Kyle had just purchased a fresh pearl white Lexus coupe for his birthday. He said he'd rock it for a year or two, then trade it in.
"Oh, it's a lease," I assumed.
"No," Kyle replied.
"Two years…you're not going to have it paid off by then, will you?"
"I'll probably never pay off a car. If I've had it four or five years, I've had it too long."
I bristled at his decadence. The nerve of trading in a perfectly good vehicle just because you're ready for a new one—preposterous! How wastefully indulgent!
At the time of this conversation, I was a loyal fan of my worn, rain-damaged, non-air-conditioned, don't-let-the-back-windows-down 1994 Honda Civic, affectionately known as "Babygirl," bought used when I was in high school. The navy blue champion had traversed more than 150,000 miles of asphalt and showed every scratch, dent and ding of it. So, as a member of the "Ride-it-'til-the-wheels-fall-off" cartel, I could not relate to the lavishness of Kyle's idea of trading in his brand new Lexus after a mere two years.
But as my mom used to admonish, "Keep sayin' good morning." So I left it alone. About a year later, Babygirl's chronic sputtering signaled that it was time for well-deserved retirement. I purchased a brand new jet black Nissan Altima, so fresh that it still sported factory papers on the hood, fenders and trunk. The sexy beast's odometer displayed a cool six miles.
The roads felt buttered as I glided home that night, new car smell titillating my nostrils. I recalled the conversation with Kyle, and suddenly it all did not seem so far-fetched.
What's so bad about upgrading? Hadn't I earned the right?
I had a similar epiphany when I stopped by an out-of-town acquaintance's hotel room recently. I paused in the doorway; the carpet was damp, the art was tacky and the room smelled of mildew. Wow, I thought. It's been a minute since I've been in a hotel room that opens directly to the parking lot.
Some of my earliest trips as a child were to Disney World, when as many as seven family members mashed into the same sort of economy rooms that strike me as foreign now. So somewhere along the way, I upgraded.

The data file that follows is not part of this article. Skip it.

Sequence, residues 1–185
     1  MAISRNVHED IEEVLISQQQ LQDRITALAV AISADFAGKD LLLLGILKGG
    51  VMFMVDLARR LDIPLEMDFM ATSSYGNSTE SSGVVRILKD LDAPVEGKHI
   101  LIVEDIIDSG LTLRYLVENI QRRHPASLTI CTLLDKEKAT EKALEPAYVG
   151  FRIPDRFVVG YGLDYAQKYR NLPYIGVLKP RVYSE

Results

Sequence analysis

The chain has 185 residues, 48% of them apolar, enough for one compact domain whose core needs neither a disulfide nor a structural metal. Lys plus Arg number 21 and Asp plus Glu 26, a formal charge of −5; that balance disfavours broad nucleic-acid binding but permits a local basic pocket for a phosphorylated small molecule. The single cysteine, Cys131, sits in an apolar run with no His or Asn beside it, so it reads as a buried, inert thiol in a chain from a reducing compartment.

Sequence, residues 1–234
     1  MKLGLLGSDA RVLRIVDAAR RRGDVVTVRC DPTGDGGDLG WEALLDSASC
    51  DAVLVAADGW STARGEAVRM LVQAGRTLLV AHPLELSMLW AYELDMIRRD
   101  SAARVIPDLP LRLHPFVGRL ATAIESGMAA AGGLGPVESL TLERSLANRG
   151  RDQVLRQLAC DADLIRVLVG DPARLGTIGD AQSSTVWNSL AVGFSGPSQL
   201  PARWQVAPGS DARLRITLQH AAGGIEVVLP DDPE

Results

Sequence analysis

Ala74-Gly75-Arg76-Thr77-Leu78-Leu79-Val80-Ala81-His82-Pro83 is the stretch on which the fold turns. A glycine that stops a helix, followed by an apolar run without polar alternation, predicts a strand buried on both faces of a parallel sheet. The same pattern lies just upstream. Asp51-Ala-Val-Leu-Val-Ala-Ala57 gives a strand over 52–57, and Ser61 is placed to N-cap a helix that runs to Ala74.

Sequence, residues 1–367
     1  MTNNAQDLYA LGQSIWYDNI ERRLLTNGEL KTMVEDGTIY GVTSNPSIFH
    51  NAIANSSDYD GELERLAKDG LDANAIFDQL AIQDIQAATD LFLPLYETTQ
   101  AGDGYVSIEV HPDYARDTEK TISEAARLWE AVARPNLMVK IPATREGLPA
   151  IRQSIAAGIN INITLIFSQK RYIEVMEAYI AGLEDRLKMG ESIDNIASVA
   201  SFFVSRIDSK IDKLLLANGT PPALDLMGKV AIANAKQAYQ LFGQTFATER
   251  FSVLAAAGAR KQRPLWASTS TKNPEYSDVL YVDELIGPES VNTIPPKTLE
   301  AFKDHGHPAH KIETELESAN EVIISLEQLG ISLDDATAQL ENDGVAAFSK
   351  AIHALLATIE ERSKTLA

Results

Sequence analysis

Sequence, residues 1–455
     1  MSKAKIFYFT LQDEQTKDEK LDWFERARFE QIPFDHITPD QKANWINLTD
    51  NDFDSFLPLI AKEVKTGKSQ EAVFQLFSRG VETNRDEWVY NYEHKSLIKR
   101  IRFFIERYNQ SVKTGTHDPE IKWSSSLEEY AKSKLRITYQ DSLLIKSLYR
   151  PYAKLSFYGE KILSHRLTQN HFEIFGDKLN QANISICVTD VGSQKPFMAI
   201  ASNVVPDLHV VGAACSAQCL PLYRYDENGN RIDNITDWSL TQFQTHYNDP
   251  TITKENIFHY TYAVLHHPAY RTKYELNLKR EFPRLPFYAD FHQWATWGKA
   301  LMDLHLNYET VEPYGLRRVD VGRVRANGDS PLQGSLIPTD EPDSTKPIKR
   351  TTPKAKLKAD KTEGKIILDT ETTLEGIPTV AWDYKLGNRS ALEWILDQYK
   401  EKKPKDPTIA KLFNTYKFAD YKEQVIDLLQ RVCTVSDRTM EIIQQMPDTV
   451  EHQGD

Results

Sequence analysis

They say once you've had filet mignon, it's hard to go back to Hamburger Helper. For some, it's elevating from an old school TV set to HD, upper level to courtside, Wal-Mart to Whole Foods, coach to first class.
But are we sometimes better off in the unknown? Ignorance is not only blissful, it's often cheaper. After all, upgrades come with strings attached, usually dollar signs. Other times, drama—mo' money, mo' problems.
Jay-Z, who seems to be in a constant struggle with his rags-to-riches existence, explains it like this in "Success" from the American Gangster album: "What do I think of success? It sucks, too much stress. […] I use to give a sh—, now I don't give a sh— more. Truth be told, I had more fun when I was piss poor."
And often, there can be a fair amount of discomfort associated with the embrace of of these elevated tastes; When Adam and Eve tasted the forbidden fruit, they were no longer down with chillin' in the buff. It's exposure to people, places and experiences outside the norm that may render the customs and habits of old less satisfying.
The upgrade also means saying peace to defining elements of your past. It's moving into a house and missing the convenience of an apartment, or striking out on your own and yearning for the company and cahoots of family or roommates. Progression can be bittersweet.
For me, realizing all the ways in which I had upgraded my tastes, my life, my identity over the years was a bit disturbing. It was like, my preferences changed, and I didn't get the memo. What happened to the down-for-whatever me? Is she bourgeois now? Stuck up?
Not at all..Sure, I have developed a taste for top-shelf spirits. I like getting my eyebrows threaded instead of plucking them myself, and I will happily pay for decent hotel accommodations. But when my $10 purse was stolen, I went out and bought another $10 purse. I'm okay with most store-brand groceries. I'm loyal to my $9 L'Oreal foundation. As a java junkie, I actually prefer Burger King's coffee to Starbucks. And these days, I'm so glad the Altima takes plain ol' regular gas!
Who knows, maybe this time next year I'll trade in my '07 for an '09, just for the heck of it?
But it's too early to tell.
Faith Maginley is a freelance writer and journalist in Central Florida.